5 Ingredients or Fewer

Crushed Cauliflower

October  5, 2010
Author Notes

This is comfort food. It is overcooked but with restraint which gives it a flavor that is deep, resonant and all cauliflower. I can stand at the stove and eat all of it right out of the pan, so keep that in mind before you taste for seasoning. What happens is you get these really caramelly crunchier bits and these bigger pieces that are creamy and tender. It is really, really good with prime rib, leg of lamb or as I said all by itself while standing at the stove. —thirschfeld

  • Serves 4
  • 1 head of cauliflower, trimmed and the core cut out of the bottom
  • 4 to 6 tablespoons unsalted butter
  • kosher salt
  • fresh ground white pepper
In This Recipe
  1. I use a steamer basket that unfolds like a circular fan if that makes any sense. The one that has three legs and folds up really small. You set it in a pot that has a lid. You add water till it almost touches the steamer. But what ever steamer you have it will work.
  2. Bring the water to a boil. Add the cauliflower head to the steamer and cover the pot with a tight fitting lid. Steam for 8 minutes. Remove the cauliflower from the steamer and set it aside to cool.
  3. Once the cauliflower is cool set it on a cutting board. With the palms of you hands push, crush and flatten the entire head. You want some large and small pieces and some very small pieces.
  4. Heat a large skillet over high heat. When it is very hot but not smoking add 2 tablespoons of butter. It should shake in the pan. Immediately add the cauliflower and stir or toss it around. Season it with salt and white pepper. Toss it again.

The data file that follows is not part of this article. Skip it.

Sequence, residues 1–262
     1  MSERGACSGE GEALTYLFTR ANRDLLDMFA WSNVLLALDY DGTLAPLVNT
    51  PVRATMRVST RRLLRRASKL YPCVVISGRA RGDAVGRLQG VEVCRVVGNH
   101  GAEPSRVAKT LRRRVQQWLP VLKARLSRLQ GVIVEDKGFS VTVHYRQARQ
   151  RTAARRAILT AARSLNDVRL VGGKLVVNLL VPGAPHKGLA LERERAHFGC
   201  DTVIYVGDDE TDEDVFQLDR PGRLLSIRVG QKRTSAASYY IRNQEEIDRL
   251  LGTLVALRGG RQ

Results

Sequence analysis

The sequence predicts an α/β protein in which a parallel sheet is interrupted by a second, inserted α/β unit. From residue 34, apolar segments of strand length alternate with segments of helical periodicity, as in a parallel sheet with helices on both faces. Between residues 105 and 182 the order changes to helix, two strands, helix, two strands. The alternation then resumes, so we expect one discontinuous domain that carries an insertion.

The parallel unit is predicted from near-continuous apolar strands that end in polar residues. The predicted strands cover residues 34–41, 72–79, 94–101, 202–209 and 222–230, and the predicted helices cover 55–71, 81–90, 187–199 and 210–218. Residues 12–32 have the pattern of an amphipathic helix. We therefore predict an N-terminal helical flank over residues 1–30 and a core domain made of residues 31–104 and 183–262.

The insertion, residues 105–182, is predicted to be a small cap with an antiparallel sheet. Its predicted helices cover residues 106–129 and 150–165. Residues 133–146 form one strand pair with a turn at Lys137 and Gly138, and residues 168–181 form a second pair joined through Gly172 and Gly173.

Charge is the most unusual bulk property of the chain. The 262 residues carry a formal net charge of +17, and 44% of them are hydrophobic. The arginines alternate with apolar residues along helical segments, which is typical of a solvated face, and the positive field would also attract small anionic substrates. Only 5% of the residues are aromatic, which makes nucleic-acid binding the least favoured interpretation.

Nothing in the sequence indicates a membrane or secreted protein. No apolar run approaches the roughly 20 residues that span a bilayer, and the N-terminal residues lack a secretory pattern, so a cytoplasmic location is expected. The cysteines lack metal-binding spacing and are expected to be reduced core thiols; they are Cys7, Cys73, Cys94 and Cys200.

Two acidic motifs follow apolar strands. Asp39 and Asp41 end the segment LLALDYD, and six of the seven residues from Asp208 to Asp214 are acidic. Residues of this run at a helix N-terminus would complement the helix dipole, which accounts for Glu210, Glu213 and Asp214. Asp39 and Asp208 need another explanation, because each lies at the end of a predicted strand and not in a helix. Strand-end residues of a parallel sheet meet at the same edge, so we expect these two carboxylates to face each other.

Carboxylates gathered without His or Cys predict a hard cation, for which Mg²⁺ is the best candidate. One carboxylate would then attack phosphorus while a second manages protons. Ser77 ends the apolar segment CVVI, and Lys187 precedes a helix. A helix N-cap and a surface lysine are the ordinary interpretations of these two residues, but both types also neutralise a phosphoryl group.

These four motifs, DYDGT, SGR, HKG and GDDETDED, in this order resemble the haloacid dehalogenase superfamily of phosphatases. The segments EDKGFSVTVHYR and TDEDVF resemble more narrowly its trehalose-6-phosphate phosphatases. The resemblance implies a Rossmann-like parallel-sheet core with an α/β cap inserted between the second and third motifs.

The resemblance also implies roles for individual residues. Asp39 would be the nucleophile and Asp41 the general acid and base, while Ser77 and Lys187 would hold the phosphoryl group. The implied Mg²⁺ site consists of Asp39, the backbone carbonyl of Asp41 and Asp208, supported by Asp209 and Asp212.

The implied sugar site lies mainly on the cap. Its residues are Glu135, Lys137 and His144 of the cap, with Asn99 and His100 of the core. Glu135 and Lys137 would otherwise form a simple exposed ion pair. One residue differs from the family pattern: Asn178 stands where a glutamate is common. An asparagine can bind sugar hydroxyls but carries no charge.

5. Using a spatula press down on the cauliflower making it into a potato cake, sort of. Let all the pieces on the bottom brown.
  6. Add 2 more tablespoons of butter and toss or stir the cauliflower. Once again press down with a spatula and brown all the bottom pieces. Take care not to burn them it is a fine line. If a couple of pieces burn it is OK and remember cauliflower can take a lot of browning before burning.
  7. Once you have browned all the pieces with lots of color you are done. If it seems dry add more butter but take care not to make it oily by adding to much. Taste and season as necessary.

See Reviews

See what other Food52ers are saying.

  • marsiamarsia
  • MrsWheelbarrow
  • Bevi
  • aliyaleekong
  • gingerroot
Father, husband, writer, photojournalist and not always in that order.